April, and had obtained approval for the site on Lubanski Street from the town
architect in October. He added that there had been no local opposition to the
project, and said Fr Sawczuk's pastoral work had not encountered any `negative
reception' from Zgorzelec's inhabitants.

`From these events, it cannot be inferred in any way that the town authorities
have delayed this building matter,' Latosinski told Keston. `All churches are
treated with identical respect and attention here, and there's no provision for
conferring privileges. Intensive efforts have been made to ensure this church is
set up.'

Meanwhile, the rector of Glogow's Orthodox All Saints parish, Fr Slawomir
Kondratiuk, said he had also been trying to obtain a church-building permit -
for six years. He added that his parish had recently accepted a deserted bunker
after turning down several `unacceptable locations', but said a 31 December
deadline for filing documentation could be endangered because of the town
architect's failure to `fulfil his duties and responsibilities'. `We've been warned
that missing this deadline could result in refusal of a building permit,' Fr
Kondratiuk told Keston. `I think we can manage to collect the final documents
by ourselves. But my experiences indicate there's a prejudice against the
Orthodox here.'

The priest said his parish had been allowed limited use of a cemetery chapel for
the past 20 years, but had been told it would have to pay ten times as much as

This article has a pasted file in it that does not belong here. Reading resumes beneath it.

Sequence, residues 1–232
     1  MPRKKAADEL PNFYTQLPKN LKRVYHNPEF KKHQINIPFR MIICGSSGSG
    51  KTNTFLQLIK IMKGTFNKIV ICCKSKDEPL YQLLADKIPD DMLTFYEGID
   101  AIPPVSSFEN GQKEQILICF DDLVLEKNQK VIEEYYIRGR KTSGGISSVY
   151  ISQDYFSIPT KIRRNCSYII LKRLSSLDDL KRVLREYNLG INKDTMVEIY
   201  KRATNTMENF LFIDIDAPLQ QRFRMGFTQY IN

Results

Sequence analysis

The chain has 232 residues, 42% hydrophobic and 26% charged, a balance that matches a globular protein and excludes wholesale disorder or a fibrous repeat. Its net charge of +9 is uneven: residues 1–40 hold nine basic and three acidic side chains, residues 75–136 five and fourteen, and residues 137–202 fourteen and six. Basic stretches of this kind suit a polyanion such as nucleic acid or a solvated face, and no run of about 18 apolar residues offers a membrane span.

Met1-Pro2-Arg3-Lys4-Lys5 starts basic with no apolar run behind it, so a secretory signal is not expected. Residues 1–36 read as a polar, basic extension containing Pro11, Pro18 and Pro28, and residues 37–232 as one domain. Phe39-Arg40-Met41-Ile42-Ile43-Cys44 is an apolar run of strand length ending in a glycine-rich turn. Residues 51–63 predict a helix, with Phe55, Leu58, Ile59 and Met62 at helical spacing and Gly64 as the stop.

the nearest Roman Catholic parish when the council-owned building was put
up for sale in the late 1990s.

He added that he had been refused access to a chapel in the local hospital,
where many patients were Orthodox, despite petitioning the Health Ministry in
Warsaw. `Although they won't say it publicly, it's clear they don't want an
Orthodox chaplain there, even though this right is guaranteed to us under the
law,' Fr Kondratiuk declared. `They've cited financial constraints, but this
makes no sense. It's just one example of the deliberate difficulties which have
been created for us.'

However, the priest's claims were vigorously denied by a Glogow council
spokesman, Rafal Sikora, who said officials would have `no objection' to the
new `bunker church' if final consent was obtained by 31 December. He added
that he was unable to comment on Fr Kondratiuk's second complaint since
local hospitals were under county council jurisdiction. `There were delays by
certain officials, but I don't think these had anything to do with ill will,' Sikora
told Keston. `The procedures are the same for each church and parish, and we
are certainly not under any pressure. Although we have no statistics about the
number of Orthodox believers here, I'm sure this priest wouldn't have asked to
open a church unless he had enough parishioners.'

Archbishop Jeremiasz claimed Orthodox Christians had lost jobs because of
their Church affiliation. He added that Orthodox church-building permits had
been withdrawn on several occasions after interventions by Roman Catholic
priests and bishops, and said one parish had recently been offered a site on the
local rubbish tip. `There are towns where the situation is good, and others
where it is strained and difficult - it all depends on local circumstances', the
archbishop said.

The director of the Polish government's Confessions Office, Andrzej Czohara,
told Keston that religious freedom was `strongly established' under Poland's
constitution and laws. However, he added that building permits were a matter
for county and town councils. `If we had received a request to intervene in
these two cases we would have responded,' Czohara declared, `but we have
not.' (END)

Copyright (c) 2000 Keston Institute. All rights reserved.